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Passwords can sometimes feel like an invention designed to frustrate us when we forget them. If we’re not being told our password isn’t strong enough, then we’re in despair after finding our passwords stolen in yet another data breach.
Password security can feel like a never-ending battle, but fortunately for us, certain people are putting their minds to the problem and working to make our lives more comfortable and secure.
1. Brainprints, the Ultimate Password
For nearly half a century, biometric identification has been a staple of sci-fi and action movies. In these fictional worlds, someone only needs to glance at an iris-scanner or place their fingerprint to be identified. In recent years, real-world tech has begun to catch up with the movies, and now even most smartphones come with a fingerprint sensor.
Security firms are keen to market biometric identification as a “password-killer,” but that leaves out that biometrics introduce several other security problems. However, if researchers have their way, we may soon find ourselves logging into accounts with the most secure identifier of all—our minds.
In 2015, a team of researchers at Binghamton University found [PDF] that by using an EEG to measure the participant’s response to a string of text, they could create a personal brainprint. This brainprint was unique to each person and could be used to reliably and accurately identify a specific individual, even up to six months later.
The original 2015 study had an accuracy of 82 to 97 percent, but further research has shown that this figure can increase up to an astonishing 100 percent accuracy.
This is made all the more impressive as they added another layer of complexity by incorporating images alongside text to form the brainprint. While you may not be strapping yourself up to an EEG to log into your online banking any time soon, brainprinting may be the next technology to make the leap from science fiction to reality.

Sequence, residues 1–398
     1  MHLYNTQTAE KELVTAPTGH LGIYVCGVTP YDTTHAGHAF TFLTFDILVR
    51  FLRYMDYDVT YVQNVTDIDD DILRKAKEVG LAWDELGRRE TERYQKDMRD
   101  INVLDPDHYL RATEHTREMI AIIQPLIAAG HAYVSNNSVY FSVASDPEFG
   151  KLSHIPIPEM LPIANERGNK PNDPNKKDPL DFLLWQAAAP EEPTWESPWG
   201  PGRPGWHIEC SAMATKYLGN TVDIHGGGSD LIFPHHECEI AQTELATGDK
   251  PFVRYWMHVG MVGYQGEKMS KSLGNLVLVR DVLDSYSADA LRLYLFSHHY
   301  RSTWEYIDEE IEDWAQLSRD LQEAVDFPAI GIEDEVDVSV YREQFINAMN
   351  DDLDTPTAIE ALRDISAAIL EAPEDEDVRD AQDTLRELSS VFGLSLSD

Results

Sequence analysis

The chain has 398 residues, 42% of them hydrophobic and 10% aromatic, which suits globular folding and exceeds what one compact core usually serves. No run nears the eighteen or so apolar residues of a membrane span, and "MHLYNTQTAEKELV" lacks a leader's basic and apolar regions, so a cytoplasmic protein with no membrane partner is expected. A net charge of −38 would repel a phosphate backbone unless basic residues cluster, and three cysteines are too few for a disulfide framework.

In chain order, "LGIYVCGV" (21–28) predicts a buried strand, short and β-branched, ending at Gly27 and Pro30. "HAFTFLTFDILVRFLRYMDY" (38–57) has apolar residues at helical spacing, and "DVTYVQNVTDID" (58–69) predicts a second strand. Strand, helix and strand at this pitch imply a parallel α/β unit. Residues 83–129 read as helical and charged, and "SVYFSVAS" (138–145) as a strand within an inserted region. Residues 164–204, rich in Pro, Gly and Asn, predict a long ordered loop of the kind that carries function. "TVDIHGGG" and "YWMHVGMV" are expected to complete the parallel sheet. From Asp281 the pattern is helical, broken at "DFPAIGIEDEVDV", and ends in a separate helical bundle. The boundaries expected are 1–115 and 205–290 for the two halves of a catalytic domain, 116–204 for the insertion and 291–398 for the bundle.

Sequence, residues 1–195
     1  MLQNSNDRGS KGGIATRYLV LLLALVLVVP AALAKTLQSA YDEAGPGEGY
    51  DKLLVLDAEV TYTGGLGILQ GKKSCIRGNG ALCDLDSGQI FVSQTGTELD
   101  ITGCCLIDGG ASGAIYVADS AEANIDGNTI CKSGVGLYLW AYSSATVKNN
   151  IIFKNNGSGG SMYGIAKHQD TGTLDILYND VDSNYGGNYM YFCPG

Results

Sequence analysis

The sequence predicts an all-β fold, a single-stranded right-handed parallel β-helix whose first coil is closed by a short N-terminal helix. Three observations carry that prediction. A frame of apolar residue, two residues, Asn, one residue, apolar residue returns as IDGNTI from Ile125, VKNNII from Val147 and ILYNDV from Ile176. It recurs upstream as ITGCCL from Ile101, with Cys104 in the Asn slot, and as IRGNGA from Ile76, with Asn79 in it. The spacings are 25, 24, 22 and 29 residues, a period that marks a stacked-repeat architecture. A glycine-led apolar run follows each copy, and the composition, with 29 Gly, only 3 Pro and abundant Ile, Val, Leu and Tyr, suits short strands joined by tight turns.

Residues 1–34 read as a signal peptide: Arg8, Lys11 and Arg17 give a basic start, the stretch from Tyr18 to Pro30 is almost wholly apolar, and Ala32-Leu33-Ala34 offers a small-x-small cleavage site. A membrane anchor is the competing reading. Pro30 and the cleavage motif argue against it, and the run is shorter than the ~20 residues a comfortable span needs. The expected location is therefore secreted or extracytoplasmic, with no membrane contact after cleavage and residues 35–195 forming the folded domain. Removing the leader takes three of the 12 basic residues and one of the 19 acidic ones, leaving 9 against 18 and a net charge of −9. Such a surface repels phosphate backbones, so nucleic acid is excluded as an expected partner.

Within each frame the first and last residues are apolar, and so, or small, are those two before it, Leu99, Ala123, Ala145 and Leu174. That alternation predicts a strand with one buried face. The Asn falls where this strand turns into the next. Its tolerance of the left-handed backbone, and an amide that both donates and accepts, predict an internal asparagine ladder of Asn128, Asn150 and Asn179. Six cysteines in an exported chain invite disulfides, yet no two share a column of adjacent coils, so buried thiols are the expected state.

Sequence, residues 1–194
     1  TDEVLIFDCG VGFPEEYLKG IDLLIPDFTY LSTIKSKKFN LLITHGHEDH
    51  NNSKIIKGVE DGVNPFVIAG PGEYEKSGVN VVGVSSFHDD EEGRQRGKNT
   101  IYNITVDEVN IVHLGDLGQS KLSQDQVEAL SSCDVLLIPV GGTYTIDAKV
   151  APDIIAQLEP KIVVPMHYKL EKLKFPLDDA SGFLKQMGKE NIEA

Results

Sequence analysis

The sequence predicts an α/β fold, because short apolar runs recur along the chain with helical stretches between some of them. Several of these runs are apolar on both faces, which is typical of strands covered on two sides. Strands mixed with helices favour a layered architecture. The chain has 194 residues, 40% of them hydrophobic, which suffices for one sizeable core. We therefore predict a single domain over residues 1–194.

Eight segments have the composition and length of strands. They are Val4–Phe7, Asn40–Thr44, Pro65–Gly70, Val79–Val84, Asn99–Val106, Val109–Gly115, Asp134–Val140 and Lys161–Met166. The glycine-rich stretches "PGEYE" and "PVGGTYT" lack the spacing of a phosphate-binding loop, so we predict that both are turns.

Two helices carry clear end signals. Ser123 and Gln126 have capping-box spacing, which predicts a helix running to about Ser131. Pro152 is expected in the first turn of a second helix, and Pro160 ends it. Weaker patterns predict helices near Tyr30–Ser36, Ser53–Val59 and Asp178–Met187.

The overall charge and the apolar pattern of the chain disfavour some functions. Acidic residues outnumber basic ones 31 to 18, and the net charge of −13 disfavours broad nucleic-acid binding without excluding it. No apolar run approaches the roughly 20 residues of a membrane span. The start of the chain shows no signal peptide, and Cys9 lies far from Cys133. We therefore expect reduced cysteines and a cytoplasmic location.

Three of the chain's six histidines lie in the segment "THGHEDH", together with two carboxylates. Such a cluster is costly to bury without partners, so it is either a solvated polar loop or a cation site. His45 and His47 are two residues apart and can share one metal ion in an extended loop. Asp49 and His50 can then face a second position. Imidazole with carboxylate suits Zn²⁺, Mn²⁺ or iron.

2. Password in Your Pocket With Pico
Biometrics may play a part in a password-less future, but mass adoption is a challenge because of the risks of turning into a sci-fi dystopia.
You’ve probably even seen this in action when setting up your phone’s fingerprint reader—having to register for each service is not only a hassle, but increases the risk if one of those services is ever compromised. And it’s not as though you can easily replace your fingerprint.
This problem hasn’t gone unnoticed, especially by researchers at the University of Cambridge Computer Laboratory led by Frank Stajano. They have been developing an authentication device small enough to fit in your pocket called Pico.
Stajano first pitched the concept in a 2011 paper titled “Pico: No more passwords!” [PDF]. In the years since, the Pico has moved from theory to reality. In 2017, the device was trialed as an alternative login for the website Gyazo.
Carrying a hardware device with you isn’t a radical new concept—it is, after all, a cornerstone of two-factor authentication—but the Pico does have a unique selling point. Rather than complimenting the password, the Pico hopes to eliminate passwords entirely.
However, as explored in their 2017 paper, interoperability and adoption are challenging problems to overcome. If adoption is one of the most significant hurdles, then why not use a device everyone already has with them: their smartphones?